“thought it”

“Thought” here refers to “a judgment based on the facts.” Here we have insight into what Jesus is actually thinking, for His attitude is described. Paul takes us back to Christ’s pre-incarnate state as expressed in John 1:1-10, where John tells us that the “Logos became flesh and tabernacled among us” (John 1:14). Jesus never viewed His mission as competing with the Father, but as complementary to the Father’s will. Jesus calculated that our salvation was more important than the glories of heaven and the agonies of the Cross.

“not robbery”

“Robbery” (harpagmos) does not carry the concept of theft, but usually means “to snatch violently, to cling to; to seize; to hold fast.” However, here it is used in the passive sense concerning “a thing seized.” He did not regard His equality with the Father as something obtained dishonestly. Jesus did not regard His deity as a treasure or “a piece of good fortune” to be clutched and retained at all costs—a prize which must not slip from His grasp.

Jesus didn’t need to clutch what He already possessed. In taking human form, He simply temporarily renounced His equality with God. Harpagmos is here interpreted as the holding onto a privilege which might be to one’s advantage if the possessor chose to exploit it. But He steadfastly refused to use His position for any selfish advantage. Christ didn’t concern Himself with retaining the outer manifestations of deity which He had prior to the Incarnation. Jesus was not stealing honor from God when He accepted the honor men gave to Him. He did not exploit His position and privileges, for that would have been at cross-purposes with His Father’s will. 

“to be equal with God”

Although Christ already possessed the dignity of His position within the Godhead, He did not assert His rights, but rather waved His rights. Jesus surrendered certain aspects of His deity to embrace the will of the Father—to accept both the Incarnation and the Crucifixion. “They sought to kill Him, because He made Himself equal with God” (John 5:18). In His pre-incarnate state, Christ already possessed His unique place within the Godhead, but chose to shroud His glory within His humanity. But in divesting Himself of the prerogatives of heaven, Jesus neither detracted—nor sought to detract—anything from the Father’s glory.  Jesus only did those things which pleased the Father ( John 8:29). He states that He and His Father “are one” (John 10:30) and “He that has seen Me has seen the Father”( John 14:9).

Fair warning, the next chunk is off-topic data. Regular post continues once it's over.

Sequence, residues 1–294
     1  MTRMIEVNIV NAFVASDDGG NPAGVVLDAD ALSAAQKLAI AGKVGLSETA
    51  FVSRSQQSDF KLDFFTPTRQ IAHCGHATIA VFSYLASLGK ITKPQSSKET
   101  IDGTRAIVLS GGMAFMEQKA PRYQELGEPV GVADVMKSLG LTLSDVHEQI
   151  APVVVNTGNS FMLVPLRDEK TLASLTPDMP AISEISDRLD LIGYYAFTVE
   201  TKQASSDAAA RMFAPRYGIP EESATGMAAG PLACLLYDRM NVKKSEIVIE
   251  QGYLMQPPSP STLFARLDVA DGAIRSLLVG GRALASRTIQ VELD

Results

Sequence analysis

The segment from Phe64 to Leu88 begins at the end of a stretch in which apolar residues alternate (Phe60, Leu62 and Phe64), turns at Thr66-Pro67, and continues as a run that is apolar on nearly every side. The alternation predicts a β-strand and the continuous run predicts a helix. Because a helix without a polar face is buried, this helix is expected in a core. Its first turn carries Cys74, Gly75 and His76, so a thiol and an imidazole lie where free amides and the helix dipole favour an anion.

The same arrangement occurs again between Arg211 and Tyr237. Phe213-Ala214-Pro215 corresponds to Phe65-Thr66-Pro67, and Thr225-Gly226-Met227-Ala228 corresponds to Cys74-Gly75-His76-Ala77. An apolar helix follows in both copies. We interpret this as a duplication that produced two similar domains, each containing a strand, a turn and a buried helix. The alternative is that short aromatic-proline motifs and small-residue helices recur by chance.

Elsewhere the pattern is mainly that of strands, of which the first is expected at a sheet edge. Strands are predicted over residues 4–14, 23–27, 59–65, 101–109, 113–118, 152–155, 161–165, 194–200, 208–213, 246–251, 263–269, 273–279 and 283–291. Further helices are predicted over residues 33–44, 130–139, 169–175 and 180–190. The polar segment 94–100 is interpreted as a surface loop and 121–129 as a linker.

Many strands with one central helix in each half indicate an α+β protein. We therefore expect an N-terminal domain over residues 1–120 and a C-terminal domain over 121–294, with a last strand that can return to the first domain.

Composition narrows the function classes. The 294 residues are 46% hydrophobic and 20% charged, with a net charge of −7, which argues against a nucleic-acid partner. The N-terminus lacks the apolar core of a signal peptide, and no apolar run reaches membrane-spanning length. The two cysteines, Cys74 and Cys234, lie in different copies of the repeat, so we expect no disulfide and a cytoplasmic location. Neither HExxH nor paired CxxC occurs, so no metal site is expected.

We must dare to consider and compare the self-effacement and humility of Jesus with our own.   

Embodied in verses 7-8 are all the aspects of Jesus’ 33 years on earth:

His birth – “made in the likeness of men” – verse 7
His Life – “form of a servant” – verse 7
His death – “the cross” – verse 8

“but made himself of no reputation”

Whereas humans often struggle to gain a good reputation, the Son of God did not.Reputation is keno which means “to deprive oneself; to be of no value or effect; to be made void.” Jesus accepted the consequences of the renunciation of His rights, thereby opening Himself to all the hell on earth Satan could heap upon Him during His days here. “He emptied Himself” (heauton ekenosen),  a phrase found no place else in the New Testament. It carries the idea that He made Himself as nothing. Jesus voluntarily divested Himself in order to fill the subordinate position as the Lamb of God.

However, the question prevails: Exactly what did Jesus empty Himself of?
He divested Himself of something…but specifically what we are not told.

We can only assume Paul is referring to Jesus’ rights and privileges, not His deity. He emptied Himself of opportunities to fully use His divine attributes and powers although He did many divine miracles during His sojourn here. What He willingly emptied Himself of is best interpreted in light of the verses which follow.
Jesus didn’t see His reputation among man as important. The Lord did not use His divine powers for His own benefit. He performed no self-serving miracles. Jesus surrendered none of His divine attributes, only His external manifestation as God. In becoming a human being, He did not empty Himself of deity—just the form of deity. For example, the young king in “The Prince and the Pauper” was still the king, though in a peasant’s clothing. Catch a glimpse of Jesus on a mountain with His disciples. He allowed His Shekinah glory to shine briefly only once prior to His resurrection on the Mount of Transfiguration (Luke 9:32). There the outward expression of His deity was manifested. Had He chosen to do so, Jesus could have made one small step upward from the Mount and returned to heaven, yet he returned from that mount to climb Mount Calvary to die for us.